Thursday, June 16, 2011

A Weak Currency is Good for Exports? Not!

Posted by bionic mosquito on 06/16/11 11:57 PM

"When the FED adds to the money supply through QEs, it cheapens the USD/FRN and makes U.S. products more competitive in world markets."

This mercantilist strategy is not so cut and dry. Japan has had one of the strongest currencies in the last several decades, and still runs a trade surplus. Germany as well, first with the Mark, now with the Euro. Meanwhile, the US has had a relatively weak currency over the same time, and has also seen its balance of trade grow worse during this same time.

It is often said: in order to consume one must produce. True as it is, the opposite is true as well: in order to produce, one must consume. In order to manufacture, one must buy raw materials.

What good is it to an exporting firm to have a week currency, when most of the inputs to production (commodities) have global prices? One might consider that the reason Japan is so competitive is that the strong yen has kept oil, steel and other raw materials needed for manufacture at much lower yen prices than what the US has realized with the dollar. As material and energy is often a majority of the cost of any manufactured good, it would seem a strong currency is of more benefit to an exporting nation than a weaker currency.

Posted by bionic mosquito on 06/17/11 12:13 AM

I will add, this idea of weakening a currency to improve exports gets even nuttier. Most manufacturers produce more for their home market than for export - this is especially true for small businesses, but consider even US auto manufacturers.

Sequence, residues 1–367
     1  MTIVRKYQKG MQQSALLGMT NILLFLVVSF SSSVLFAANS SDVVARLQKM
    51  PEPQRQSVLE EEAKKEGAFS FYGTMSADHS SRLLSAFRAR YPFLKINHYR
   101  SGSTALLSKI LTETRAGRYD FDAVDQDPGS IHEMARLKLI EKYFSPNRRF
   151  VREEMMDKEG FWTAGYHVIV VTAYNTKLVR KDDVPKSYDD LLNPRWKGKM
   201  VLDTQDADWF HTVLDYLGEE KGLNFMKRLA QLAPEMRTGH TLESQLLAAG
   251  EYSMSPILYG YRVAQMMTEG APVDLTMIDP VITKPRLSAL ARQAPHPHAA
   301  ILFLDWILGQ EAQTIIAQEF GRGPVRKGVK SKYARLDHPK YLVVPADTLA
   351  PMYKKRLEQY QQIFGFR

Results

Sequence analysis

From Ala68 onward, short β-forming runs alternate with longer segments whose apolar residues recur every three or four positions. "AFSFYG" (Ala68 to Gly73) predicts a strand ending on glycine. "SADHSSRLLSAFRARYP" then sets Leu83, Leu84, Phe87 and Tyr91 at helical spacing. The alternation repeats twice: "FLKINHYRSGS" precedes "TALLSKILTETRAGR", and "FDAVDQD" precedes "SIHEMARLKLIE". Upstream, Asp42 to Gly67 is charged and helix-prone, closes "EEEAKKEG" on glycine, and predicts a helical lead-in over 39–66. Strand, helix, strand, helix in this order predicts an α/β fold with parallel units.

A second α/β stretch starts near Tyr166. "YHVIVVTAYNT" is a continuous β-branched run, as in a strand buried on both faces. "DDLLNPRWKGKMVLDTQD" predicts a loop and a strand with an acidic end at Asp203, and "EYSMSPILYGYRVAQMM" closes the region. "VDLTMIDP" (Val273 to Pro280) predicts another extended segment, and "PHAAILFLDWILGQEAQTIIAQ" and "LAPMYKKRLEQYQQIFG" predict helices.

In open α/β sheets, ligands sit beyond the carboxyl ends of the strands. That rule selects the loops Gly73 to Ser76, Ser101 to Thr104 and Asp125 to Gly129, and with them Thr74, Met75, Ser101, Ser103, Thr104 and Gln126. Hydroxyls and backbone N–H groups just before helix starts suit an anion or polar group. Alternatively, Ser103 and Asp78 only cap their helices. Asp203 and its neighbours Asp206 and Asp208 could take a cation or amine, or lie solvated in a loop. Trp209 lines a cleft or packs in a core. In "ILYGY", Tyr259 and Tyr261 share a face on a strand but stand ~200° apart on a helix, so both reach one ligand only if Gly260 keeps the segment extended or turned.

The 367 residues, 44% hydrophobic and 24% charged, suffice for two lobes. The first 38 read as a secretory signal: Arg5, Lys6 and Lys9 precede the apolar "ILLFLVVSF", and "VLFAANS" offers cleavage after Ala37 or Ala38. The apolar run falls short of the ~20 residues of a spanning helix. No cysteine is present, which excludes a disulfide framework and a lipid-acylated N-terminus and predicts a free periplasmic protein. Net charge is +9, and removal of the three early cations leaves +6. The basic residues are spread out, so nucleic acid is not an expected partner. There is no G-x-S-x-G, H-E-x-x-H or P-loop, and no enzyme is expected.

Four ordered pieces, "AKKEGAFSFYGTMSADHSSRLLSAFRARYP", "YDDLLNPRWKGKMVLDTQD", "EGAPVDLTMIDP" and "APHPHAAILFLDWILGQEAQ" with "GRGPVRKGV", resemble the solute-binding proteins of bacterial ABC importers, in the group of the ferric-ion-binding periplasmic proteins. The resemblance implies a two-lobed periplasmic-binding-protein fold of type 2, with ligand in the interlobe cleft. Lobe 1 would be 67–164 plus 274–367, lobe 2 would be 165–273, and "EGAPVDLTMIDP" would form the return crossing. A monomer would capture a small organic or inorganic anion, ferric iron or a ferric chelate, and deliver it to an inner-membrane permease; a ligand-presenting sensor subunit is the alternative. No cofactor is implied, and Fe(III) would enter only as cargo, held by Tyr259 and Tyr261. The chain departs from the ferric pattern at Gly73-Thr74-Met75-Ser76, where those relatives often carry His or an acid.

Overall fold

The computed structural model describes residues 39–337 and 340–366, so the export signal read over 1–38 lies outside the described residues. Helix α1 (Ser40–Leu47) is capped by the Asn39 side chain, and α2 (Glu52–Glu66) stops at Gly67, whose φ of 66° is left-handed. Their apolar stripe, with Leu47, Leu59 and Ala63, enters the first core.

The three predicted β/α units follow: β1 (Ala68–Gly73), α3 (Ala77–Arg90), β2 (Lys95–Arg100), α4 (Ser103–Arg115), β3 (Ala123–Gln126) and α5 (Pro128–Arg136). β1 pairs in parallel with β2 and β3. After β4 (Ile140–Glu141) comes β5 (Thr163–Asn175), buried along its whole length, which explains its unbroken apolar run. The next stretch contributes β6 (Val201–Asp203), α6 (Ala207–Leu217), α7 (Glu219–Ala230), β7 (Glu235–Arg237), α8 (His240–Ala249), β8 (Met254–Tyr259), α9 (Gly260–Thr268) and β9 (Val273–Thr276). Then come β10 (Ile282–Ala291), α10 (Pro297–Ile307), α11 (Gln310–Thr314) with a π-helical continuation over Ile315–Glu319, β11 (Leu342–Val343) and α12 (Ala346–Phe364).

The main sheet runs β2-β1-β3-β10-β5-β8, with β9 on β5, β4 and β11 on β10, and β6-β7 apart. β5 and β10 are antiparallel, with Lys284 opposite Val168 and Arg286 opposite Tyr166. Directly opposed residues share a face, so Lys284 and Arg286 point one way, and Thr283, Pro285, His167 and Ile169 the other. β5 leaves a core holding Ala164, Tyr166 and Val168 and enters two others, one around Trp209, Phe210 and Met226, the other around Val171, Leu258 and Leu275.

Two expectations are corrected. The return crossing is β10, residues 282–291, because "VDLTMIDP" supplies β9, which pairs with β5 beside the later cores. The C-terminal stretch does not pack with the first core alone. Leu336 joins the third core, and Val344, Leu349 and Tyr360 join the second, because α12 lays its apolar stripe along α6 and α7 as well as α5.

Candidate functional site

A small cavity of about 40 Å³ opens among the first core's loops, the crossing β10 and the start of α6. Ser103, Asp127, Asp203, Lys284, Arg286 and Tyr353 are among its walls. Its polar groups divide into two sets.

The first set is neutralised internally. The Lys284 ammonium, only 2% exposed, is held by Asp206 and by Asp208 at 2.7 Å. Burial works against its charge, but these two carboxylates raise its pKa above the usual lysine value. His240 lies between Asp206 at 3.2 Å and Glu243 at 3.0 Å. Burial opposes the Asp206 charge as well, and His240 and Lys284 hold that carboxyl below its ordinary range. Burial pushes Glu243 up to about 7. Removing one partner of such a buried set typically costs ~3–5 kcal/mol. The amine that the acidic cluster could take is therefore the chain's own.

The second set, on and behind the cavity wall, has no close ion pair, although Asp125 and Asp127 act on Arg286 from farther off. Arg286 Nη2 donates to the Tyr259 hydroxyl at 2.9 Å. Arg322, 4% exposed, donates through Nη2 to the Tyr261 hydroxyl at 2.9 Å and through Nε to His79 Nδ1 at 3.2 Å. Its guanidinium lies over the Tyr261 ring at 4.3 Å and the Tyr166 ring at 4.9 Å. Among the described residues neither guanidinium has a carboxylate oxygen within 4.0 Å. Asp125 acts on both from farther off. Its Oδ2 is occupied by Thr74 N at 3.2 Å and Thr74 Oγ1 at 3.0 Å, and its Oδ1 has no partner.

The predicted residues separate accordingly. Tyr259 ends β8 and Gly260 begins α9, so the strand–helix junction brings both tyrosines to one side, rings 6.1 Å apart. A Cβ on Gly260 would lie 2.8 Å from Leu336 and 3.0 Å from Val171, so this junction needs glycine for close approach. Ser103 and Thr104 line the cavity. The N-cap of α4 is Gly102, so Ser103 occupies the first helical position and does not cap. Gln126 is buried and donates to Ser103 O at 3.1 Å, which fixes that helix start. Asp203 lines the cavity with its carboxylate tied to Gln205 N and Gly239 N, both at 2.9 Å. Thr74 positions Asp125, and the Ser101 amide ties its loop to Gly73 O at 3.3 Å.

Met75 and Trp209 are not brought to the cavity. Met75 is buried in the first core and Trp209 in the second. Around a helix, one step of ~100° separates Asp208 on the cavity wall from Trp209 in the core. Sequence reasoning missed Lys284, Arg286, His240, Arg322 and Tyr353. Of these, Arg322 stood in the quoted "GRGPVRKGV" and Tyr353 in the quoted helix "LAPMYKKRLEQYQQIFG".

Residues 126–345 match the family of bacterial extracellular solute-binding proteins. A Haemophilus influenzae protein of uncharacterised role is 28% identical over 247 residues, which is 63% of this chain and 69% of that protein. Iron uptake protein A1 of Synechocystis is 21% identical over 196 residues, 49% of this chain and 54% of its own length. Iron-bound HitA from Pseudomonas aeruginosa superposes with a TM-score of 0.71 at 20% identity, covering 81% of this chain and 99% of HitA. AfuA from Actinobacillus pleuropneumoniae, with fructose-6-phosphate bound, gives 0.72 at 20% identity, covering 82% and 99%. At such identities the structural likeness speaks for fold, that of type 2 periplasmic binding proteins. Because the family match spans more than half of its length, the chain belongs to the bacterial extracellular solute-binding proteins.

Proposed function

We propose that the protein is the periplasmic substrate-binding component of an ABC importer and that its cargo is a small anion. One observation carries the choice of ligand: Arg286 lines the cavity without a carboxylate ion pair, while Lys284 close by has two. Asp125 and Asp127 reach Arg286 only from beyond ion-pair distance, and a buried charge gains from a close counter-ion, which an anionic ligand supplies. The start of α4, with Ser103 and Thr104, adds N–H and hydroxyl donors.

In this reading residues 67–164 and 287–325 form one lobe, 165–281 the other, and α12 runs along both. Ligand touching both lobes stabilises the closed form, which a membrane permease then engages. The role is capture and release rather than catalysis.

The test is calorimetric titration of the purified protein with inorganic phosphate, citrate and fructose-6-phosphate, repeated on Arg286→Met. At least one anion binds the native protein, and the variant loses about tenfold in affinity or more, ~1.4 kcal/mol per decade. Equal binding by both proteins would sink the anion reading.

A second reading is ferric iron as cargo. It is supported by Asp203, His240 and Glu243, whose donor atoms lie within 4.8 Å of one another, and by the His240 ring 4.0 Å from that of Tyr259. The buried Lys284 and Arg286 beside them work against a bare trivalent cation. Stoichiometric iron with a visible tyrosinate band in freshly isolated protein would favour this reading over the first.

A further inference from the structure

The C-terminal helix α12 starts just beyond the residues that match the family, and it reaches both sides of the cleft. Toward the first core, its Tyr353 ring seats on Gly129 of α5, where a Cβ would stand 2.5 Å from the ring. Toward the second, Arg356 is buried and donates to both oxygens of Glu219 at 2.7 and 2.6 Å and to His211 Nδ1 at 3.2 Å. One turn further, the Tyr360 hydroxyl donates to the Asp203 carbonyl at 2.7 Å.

So, for the majority of sales, a weaker currency is devastating, as it inherently increases the costs of commodities that are priced globally - again, likely a majority of the COGS.

Nuttier still, big business can often work around this - it is easier for General Electric to locate a factory in China or Vietnam than it is for Joe's machine shop. This is true for countless reasons.

So the small guy gets fried, and the big guy can get around it by relocating manufacturing overseas AND pick up market share in the home market after the small guy files bankruptcy.

And we wonder why the US continues to lose manufacturing to foreign firms.

Ultimately one must conclude that this idea of a weak currency helping exports is only a Trojan horse; it is the advertised idea to make palatable for the masses that which is only good for big business. Just one more illogical theory in a long list of theories taught at the school for the economically gullible.

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